Level of Service (LOS) - A qualitative assessment of a road's operating conditions.For local government, comprehensive planning purposes, level of service means an indicator of the extent or degree of service provided by or proposed to be provided by, a facility based on and related to the operational characteristics of the facility. Level of service indicates the capacity per unit of demand for each public facility.


Line Haul - The movement of freight over the road/rail from origin terminal to the destination terminal, usually over long distances.


Liquid Bulk Cargo - A type of bulk cargo that consists of liquid items, such as petroleum, water, or liquid natural gas.


Live Load -A situation in which the equipment operation stays with the trailer or boxcar while being loaded or unloaded.


Lock - A channel where the water rises and falls to allow boats to travel a dammed river.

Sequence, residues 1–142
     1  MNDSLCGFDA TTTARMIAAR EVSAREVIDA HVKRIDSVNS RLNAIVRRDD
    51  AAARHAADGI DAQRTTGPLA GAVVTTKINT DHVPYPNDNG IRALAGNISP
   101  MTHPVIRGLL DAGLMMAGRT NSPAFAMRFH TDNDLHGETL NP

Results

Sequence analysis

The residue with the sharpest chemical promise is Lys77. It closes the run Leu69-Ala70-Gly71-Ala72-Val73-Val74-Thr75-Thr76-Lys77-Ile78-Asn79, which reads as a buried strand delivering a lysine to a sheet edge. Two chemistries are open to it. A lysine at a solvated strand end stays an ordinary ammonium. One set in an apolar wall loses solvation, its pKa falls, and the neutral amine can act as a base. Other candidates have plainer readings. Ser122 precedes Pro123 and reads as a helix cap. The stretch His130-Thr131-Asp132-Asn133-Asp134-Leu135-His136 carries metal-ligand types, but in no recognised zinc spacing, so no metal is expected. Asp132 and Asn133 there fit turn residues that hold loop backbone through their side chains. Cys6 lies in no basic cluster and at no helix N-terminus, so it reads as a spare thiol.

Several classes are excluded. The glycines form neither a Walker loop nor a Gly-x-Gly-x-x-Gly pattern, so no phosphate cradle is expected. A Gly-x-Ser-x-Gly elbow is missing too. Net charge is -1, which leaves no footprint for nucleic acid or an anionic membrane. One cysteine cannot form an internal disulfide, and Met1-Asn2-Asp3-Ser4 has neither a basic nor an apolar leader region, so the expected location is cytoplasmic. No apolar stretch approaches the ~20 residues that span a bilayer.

Logbook - A daily record of the hours an interstate driver spends driving, off duty,

sleeping in the berth, or on duty not driving.


Logistics - All activities involved in the management of product movement; delivering the right product from the right origin to the right destination, with the right quality and quantity, at the right schedule and price.


Lumpers - Individuals that assist a motor carrier owner-operator in the unloading of property; quite commonly used in the food industry.

 

N

Neo-bulk Cargo - Shipments consisting entirely of units of a single commodity, such as cars, lumber, or scrap metal.


Node - A fixed point in a firm's logistics system where goods come to rest; includes plants, warehouses, supply sources, and markets.

 

O

OS&D - Over, short and damaged